Payday lender, Wonga, has always tried to distance itself from those it considers to be less ethical in the world of sub-prime lending. Indeed, Wonga’s founder Errol Damelin once said that critics of the payday lending industry were “picking on the wrong people”, and that Wonga “are the good guys”, claiming the firm provided “an important social service”. But the façade crumbled somewhat with the news that Wonga has been inventing fake law firms in order to chase non-paying customers.
Now, I’m sure most of us would agree that if a company agrees a price to provide a service, then they should be paid that price after they have provided the service. And therefore nobody disputes that if Wonga’s customers weren’t repaying their debts, Wonga were perfectly entitled to take debt recovery action.
However, it is one thing for Wonga to write letters demanding repayment, but another thing entirely for them to create law firms called Chainey D’Amato & Shannon and Barker & Lowe Legal Recoveries to do it on their behalf. The plan was simple – to make customers in arrears believe that their debts had been passed to a law firm, with the threat of imminent legal action if the debt wasn’t paid. The tactic was to improve recovery rates by piling the pressure on customers who were, in most cases, already struggling to pay essential household bills.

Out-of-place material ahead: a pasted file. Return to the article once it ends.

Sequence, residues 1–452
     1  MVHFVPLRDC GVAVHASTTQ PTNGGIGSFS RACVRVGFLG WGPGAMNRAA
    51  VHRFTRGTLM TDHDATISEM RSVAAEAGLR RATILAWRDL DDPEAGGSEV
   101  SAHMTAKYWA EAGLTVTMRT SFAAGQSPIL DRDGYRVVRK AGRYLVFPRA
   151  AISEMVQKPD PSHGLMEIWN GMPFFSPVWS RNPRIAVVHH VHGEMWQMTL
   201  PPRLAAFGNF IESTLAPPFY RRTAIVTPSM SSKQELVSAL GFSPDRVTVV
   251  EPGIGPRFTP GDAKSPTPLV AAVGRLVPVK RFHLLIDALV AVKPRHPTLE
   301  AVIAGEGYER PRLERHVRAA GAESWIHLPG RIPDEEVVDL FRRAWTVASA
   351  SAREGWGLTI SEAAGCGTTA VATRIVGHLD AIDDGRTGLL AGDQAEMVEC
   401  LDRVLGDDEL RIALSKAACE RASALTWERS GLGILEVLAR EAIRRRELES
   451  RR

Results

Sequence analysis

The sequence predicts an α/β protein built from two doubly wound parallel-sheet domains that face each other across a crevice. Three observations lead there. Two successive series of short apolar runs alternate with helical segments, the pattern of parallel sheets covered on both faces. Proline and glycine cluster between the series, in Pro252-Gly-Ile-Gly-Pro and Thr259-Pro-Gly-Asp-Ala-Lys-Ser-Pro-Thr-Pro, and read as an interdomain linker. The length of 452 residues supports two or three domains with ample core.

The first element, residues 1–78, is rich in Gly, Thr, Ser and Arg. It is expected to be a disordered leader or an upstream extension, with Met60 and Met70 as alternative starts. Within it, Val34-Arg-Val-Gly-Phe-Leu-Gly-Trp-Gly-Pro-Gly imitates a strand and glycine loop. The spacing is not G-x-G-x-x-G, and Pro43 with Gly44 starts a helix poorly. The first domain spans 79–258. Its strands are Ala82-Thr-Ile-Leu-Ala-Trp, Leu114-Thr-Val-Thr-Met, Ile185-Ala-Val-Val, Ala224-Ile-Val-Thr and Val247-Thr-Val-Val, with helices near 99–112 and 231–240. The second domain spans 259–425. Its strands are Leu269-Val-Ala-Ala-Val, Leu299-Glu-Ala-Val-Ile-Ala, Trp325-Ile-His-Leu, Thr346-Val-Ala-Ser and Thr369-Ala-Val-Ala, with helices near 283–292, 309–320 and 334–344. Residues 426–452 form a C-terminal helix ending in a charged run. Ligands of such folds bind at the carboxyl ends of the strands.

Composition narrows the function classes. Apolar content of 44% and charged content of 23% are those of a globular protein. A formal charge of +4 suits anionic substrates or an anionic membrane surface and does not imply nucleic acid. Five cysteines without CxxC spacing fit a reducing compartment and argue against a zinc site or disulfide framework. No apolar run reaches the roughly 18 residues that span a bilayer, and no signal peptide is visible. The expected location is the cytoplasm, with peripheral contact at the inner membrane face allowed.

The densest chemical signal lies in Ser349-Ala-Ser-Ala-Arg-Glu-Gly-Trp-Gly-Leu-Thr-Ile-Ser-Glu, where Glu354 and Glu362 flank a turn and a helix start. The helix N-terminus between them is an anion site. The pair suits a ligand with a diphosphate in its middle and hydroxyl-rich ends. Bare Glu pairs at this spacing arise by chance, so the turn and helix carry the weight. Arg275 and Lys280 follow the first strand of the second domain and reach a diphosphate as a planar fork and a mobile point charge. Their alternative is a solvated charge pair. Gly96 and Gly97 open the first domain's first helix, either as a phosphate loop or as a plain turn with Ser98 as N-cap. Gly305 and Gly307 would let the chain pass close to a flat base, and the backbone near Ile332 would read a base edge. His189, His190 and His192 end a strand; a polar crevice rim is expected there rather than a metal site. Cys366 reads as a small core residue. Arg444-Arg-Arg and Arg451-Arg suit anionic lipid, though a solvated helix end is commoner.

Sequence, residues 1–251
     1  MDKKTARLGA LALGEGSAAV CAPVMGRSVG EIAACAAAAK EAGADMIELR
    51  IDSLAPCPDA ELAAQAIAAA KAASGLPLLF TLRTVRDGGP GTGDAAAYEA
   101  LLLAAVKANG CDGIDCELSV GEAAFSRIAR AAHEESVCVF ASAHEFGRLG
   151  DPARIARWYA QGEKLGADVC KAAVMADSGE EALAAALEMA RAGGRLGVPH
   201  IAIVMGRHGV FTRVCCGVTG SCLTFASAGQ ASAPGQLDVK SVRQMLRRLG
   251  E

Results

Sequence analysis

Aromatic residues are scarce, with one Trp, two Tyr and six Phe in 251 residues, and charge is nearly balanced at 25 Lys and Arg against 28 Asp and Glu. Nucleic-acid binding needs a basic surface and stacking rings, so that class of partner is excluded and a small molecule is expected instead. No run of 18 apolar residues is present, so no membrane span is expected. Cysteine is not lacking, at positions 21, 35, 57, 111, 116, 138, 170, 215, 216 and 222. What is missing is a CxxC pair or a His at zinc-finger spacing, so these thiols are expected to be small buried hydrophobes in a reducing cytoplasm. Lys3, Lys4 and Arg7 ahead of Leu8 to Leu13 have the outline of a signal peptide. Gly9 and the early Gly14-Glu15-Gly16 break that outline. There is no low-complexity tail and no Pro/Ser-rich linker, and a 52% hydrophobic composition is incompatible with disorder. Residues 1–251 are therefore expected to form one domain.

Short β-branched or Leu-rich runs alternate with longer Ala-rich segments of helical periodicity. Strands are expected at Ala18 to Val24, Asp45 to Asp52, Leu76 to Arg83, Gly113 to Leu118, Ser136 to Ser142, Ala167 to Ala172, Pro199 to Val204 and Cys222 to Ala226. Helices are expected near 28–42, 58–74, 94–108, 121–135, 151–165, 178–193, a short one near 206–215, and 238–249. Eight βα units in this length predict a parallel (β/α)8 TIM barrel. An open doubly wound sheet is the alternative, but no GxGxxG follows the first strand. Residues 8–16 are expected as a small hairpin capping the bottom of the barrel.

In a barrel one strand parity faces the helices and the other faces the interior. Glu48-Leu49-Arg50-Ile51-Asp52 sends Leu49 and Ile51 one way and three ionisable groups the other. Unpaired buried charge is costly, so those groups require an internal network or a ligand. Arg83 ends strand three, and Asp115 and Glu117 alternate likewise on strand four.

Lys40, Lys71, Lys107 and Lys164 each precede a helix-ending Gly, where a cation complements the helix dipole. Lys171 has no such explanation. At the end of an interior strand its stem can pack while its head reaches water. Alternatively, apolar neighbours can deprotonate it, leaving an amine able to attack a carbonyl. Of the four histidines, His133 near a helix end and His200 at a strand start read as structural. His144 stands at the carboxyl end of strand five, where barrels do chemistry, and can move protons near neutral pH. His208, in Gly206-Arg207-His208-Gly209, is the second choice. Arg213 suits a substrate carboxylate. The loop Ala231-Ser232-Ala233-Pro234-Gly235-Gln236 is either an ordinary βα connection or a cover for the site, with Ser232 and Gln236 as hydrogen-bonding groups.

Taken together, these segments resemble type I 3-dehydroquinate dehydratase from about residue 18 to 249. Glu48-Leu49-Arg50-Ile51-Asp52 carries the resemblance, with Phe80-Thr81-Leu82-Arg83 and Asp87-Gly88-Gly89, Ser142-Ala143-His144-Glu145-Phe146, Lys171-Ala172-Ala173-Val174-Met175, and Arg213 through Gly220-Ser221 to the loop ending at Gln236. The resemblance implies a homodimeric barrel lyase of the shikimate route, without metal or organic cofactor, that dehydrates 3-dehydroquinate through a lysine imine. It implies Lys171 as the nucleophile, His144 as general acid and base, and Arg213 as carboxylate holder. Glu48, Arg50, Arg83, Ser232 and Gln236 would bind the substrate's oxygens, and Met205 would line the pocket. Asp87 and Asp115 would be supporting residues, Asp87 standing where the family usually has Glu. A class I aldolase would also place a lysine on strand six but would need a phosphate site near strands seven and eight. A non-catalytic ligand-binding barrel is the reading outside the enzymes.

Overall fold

And then, to rub salt into the wounds, Wonga actually charged a number of their customers a fee for the privilege of receiving one of these letters.
Wonga claims that the practice ceased four years ago and, because the Financial Conduct Authority wasn’t around in 2010, the Authority is powerless to fine Wonga. The Authority also said that it was not looking to prosecute Wonga, and would rather accept Wonga’s proposal of paying £50 compensation to each affected customer (totalling over £2.5 million of compensation!).
That’s the same fee that you would pay Wonga for borrowing £200 for 3 weeks.
Is that enough?
There are those that will argue both ways, undoubtedly, but there is no doubt on whose side the Law Society is, after they announced that they had contacted both the legal regulator (the SRA) and the police authorities, and asked each of them to investigate the matter in more detail.
What is interesting, perhaps, is that the Law Society itself cannot take any action because Wonga’s letters had referred to law firms, rather than solicitors firms. The word “solicitor” is protected by law, and the unauthorised use of it would have been an offence. Nevertheless, the Law Society has asked the police to consider whether Wonga has committed blackmail and deception offences, or other offences under the regulatory framework that applies to the provision of legal services. Suffice to say, the Law Society isn’t happy with the Financial Conduct Authority’s decision, and we may well not have heard the last of this.
Mind you, if Wonga were going to make up the name of a law firm, they could have tried harder. One ‘wag’ on Twitter suggested that Dooey Screwem & Howe might have been more apt. I couldn’t possibly comment…
These notes have been prepared for the purpose of an article only. They should not be regarded as a substitute for taking legal advice.